Republican members of the U.S. House of Representatives have introduced a bill that would constrain the controversial World Health Organization (WHO) “Pandemic Treaty” as an international treaty, resulting in it requiring a Senate supermajority to approve American participation.
The announcement was made on March 7 by Rep. Tom Tiffany (R-WI) who introduced the bill titled No WHO Pandemic Preparedness Treaty Without Senate Approval Act to the now Republican-controlled House.
“This legislation would require any convention or agreement resulting from the work of the World Health Organization’s (WHO) intergovernmental negotiating body to be deemed a treaty, requiring the advice and consent of a supermajority of the Senate,” Tiffany’s announcement stated.
Rep. Tiffany noted that Sen. Ron Johnson (R-WI) introduced an identical bill to the U.S. Senate in February.
Legislators are taking aim at an initiative launched by the WHO, who convened a Special Session of the World Health Assembly for only the second time in history in November of 2021 as global Coronavirus Disease 2019 (COVID-19) pandemic restrictions and mandates, such as vaccine passports, lockdowns, mask edicts, including information warfare and censorship had reached their peak.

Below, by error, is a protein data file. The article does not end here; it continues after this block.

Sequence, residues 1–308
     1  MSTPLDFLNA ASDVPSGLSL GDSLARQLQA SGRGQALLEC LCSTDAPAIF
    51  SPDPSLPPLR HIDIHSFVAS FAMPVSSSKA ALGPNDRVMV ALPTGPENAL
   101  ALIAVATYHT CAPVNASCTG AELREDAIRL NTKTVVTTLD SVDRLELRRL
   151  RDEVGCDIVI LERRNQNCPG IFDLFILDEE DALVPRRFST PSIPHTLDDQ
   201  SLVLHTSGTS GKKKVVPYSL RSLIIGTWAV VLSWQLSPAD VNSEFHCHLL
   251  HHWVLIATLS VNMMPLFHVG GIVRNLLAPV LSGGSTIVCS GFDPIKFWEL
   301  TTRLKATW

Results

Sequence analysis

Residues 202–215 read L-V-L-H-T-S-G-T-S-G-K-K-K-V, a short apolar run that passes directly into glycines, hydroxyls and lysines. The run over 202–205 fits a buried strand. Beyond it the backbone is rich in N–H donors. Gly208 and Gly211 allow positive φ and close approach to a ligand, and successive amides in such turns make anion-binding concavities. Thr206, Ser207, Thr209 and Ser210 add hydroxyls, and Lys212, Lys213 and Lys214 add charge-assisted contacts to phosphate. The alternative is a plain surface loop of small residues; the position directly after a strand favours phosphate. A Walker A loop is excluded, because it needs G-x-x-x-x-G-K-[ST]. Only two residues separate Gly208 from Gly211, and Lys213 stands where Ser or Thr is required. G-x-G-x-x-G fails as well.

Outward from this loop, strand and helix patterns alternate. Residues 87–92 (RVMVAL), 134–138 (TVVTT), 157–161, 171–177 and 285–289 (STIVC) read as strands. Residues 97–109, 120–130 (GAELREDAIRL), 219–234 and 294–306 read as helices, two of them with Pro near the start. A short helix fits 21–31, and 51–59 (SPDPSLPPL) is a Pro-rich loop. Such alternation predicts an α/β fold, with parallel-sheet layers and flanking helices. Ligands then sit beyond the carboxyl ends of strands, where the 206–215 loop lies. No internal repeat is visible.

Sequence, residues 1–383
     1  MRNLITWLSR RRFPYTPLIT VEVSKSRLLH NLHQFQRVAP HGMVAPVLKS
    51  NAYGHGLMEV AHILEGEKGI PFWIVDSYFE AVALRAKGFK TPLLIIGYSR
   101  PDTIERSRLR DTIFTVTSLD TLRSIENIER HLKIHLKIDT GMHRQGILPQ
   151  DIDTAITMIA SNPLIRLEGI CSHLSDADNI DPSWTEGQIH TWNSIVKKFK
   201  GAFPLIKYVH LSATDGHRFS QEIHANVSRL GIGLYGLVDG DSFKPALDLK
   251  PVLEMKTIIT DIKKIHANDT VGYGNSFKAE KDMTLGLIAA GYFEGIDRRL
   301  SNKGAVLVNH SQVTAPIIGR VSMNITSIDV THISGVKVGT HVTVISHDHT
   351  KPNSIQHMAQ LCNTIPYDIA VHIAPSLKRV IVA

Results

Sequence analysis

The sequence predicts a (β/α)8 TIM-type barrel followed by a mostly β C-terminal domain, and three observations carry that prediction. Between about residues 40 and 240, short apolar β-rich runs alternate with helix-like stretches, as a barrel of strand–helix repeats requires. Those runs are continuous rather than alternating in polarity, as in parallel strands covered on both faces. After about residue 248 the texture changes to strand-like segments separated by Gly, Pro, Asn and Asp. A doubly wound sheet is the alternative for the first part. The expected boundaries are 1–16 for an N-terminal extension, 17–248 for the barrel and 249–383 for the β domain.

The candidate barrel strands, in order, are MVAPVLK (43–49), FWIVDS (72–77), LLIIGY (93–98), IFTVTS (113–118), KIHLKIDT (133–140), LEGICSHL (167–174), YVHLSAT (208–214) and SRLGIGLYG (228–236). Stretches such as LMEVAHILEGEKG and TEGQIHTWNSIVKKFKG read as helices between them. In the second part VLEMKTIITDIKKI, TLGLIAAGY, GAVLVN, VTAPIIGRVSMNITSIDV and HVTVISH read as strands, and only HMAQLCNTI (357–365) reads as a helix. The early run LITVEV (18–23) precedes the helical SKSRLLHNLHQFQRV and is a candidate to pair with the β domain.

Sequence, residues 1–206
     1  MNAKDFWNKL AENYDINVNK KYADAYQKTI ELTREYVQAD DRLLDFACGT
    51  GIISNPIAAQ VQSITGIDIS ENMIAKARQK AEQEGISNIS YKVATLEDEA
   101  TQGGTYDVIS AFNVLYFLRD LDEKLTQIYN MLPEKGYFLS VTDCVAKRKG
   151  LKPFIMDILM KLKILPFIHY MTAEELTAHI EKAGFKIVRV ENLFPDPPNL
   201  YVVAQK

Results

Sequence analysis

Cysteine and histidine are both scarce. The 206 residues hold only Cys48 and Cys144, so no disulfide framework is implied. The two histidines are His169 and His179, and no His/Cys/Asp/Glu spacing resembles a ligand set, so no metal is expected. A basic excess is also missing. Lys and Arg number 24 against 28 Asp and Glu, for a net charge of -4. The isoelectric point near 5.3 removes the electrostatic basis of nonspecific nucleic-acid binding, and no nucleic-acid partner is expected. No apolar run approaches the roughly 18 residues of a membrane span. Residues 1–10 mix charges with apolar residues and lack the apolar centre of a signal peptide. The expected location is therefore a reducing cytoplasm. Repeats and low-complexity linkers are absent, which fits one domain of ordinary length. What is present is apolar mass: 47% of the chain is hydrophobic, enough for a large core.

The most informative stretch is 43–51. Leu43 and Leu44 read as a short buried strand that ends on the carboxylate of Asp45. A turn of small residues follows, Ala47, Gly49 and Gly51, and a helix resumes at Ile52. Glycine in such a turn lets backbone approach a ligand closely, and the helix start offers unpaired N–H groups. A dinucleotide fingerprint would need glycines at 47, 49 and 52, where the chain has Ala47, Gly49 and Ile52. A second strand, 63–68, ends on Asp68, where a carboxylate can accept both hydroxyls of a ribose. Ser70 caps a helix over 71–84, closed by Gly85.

The WHO’s website for the Special Session stated the purpose was to consider just one “single substantive agenda item,” which was the “benefits of developing a WHO convention, agreement or other international instrument on pandemic preparedness and response.”
Documents for the Session released publicly by the WHO stated the idea was to create a “New Instrument” focusing “on pandemic preparedness and response,” which called for “structural solutions to promote a whole-of-government and whole-of-society approach to pandemic prevention, preparedness and response.”
The “New Instrument” was also said to be “legally binding on States Parties that opt to ratify it.” The WHO promoted the characteristic as a win because “legally binding status offers the potential for greater sustained attention, both political and normative, to the critical issue of a pandemic preparedness and response, than a non-binding act.”